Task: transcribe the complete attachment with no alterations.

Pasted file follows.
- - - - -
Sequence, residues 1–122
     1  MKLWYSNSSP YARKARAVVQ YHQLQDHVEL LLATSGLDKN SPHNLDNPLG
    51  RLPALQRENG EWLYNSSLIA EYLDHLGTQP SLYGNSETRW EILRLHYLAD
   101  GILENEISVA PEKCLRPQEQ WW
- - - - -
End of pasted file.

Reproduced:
Sequence, residues 1–122
     1  MKLWYSNSSP YARKARAVVQ YHQLQDHVEL LLATSGLDKN SPHNLDNPLG
    51  RLPALQRENG EWLYNSSLIA EYLDHLGTQP SLYGNSETRW EILRLHYLAD
   101  GILENEISVA PEKCLRPQEQ WW